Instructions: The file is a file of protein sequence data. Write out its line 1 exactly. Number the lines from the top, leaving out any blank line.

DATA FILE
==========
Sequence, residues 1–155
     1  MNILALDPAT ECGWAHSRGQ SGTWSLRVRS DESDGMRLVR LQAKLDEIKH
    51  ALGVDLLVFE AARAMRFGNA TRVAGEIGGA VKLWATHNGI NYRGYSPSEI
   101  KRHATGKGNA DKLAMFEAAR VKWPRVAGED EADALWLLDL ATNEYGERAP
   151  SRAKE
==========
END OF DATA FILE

Sequence, residues 1–155